Matt, I’ll answer your question with a question: How many rights will you freely forfeit and demand that your compatriots forfeit as well, before you feel “safe” in a world that’s been brutally fatal to all life forms inhabiting it since long before the advent of the firearm?
Freeman, I’d give up just one: the right to stockpile military-grade weapons and high-capacity magazines far beyond any reasonable need for such weapons. I have no need for this “right,” nor does any reasonable person.
I’ll keep the right to possess a rifle or a small handgun for personal protection.
I’d be happy just to add some clarification to the Constitution: “The right of the people to keep and bear arms shall not be construed as prohibiting duly elected legislative bodies from enacting laws intended to promote public safety with respect to the manufacture, possession or use of arms. However, no such law may have the effect of generally barring arms from the people.”
I’ve noticed that management is intolerant of ad hominems, except when Brett is the target. There’s nothing wrong with the general rule, but I can’t say that its exception is unfair. Even though Brett never engages in ad hominems, he sabotages discourse in just about every other way: cites that don’t say what he says they say, failure to acknowledge strong contrary arguments, complete and utter predictability of positions, rhetorical Calvinball, Constitutional Calvinism (the Constitution must mean what he thinks it means, without regard to any interpretive community), etc.
(Yes, I’m challenging management to take this post down. Or maybe make its tacit exception explicit. Or maybe figure out what to do in general.)
Even though Brett never engages in ad hominems, he sabotages discourse in just about every other way
Perhaps you should have chosen another OP in which to lodge this particular complaint; this one is obvious Brett-bait, as evidenced by the timing and nature of the author’s response to Brett’s first comment. He was apparently eagerly awaiting Brett’s response and expressed surprise that it came a mere 40 minutes after his original post instead of even sooner.
Yes, Iâ€™m challenging management to take this post down.
Wouldn’t you need to break the rules first? I’m not the one who decides, but I don’t see any ad hominem in your post or anything else offensive, except possibly the off-topic nature of the comment, which I wouldn’t expect to warrant removal based on my experience participating in this forum.
1. Although I can’t speak to Michael’s intent, I agree that Michael’s post was obvious Brett-bait in effect.
2. If my comment was not ad hominem, I don’t know what is. True, I didn’t exactly attack Brett’s integrity and certainly not his intellect, ancestry or hygiene. But I did attack what I take to be his general notion of discourse. I did not attack the point he made. Smatter of fact, Brett made a perfectly reasonable point with which I mostly agree. I thought that my response was the definition of an ad hominem response: attacking the debater, not the debate point.
3. Oddly enough, every post after mine was Marquess of Queensberry [sic?]–all to the point, and nothing even faintly resembling a personal attack on anybody.
attacking the debater, not the debate point
Almost: attacking the debater to avoid/deflect the debating point. Plus, a substantive observation is not necessarily an attack.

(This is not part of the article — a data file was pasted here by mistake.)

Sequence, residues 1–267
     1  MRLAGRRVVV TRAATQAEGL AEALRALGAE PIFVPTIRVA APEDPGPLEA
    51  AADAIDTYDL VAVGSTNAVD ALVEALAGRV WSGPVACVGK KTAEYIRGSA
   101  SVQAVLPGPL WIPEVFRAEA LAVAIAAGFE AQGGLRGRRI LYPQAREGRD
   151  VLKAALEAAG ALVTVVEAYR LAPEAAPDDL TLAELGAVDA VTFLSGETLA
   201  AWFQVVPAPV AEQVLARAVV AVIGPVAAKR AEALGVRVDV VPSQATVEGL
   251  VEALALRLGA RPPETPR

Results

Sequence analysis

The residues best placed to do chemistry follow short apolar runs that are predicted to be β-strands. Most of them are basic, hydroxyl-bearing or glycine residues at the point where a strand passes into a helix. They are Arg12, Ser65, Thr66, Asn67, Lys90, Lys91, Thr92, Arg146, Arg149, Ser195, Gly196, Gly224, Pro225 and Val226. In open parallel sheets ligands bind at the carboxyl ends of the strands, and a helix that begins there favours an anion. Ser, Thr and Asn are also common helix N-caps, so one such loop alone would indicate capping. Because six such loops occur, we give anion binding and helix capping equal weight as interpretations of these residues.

I side more with Brett than Michael on this one. It’s a tragedy, one that is repeated all too often. In this case a number of different issues are involved: mental illness, the proliferation of guns, the brutalization of war on its participants. And it has little to do with open carry, since the victims and offender were at a shooting range.
They were carrying in the open, what does the location have to do with it? Is the rhetoric “An armed society is a polite society” constantly appended “…with the exception of shooting ranges”?
The point is everyone was armed and well trained in their use and it didn’t help them. Yes, this about mental illness and proliferation of gun but it is also fighting the idea that if we put a gun in everyone’s hand and have a 313,914,040 person Mexican standoff, everyone will be safe.
They were carrying in the open, what does the location have to do with it? … The point is everyone was armed and well trained in their use and it didnâ€™t help them.
It would help me to evaluate your point if you would explain to me how you would apply it to armed and well trained police officers openly carrying guns.
Yes, this about mental illness and proliferation of gun but it is also fighting the idea that if we put a gun in everyoneâ€™s hand and have a 313,914,040 person Mexican standoff, everyone will be safe.
Looks to me like you’re shooting a paper target here, Brendan. I’ve not seen arguments made that we should “put a gun in everyone’s hand” or that “everyone will be safe” if we do. Would you care to enlighten me with an example or two?
You seem to have an point you want to make about open carry and cops, you can make it instead of trying to ask leading questions. My point is that the myth of an armed society preventing gun violence is just that, the fact that they were carrying in the open is means that it was known the victims were armed. If you’ve never heard any tropes about arming people to protect them, I’d like to live in your bubble.
And my point is, unless somebody is claiming that protection is 100.000000% reliable, you got nothing if you don’t have statistics and controls. This is on a level with, “My sister got the flu vaccine, and she still got sick. Flu vaccine is a scam!”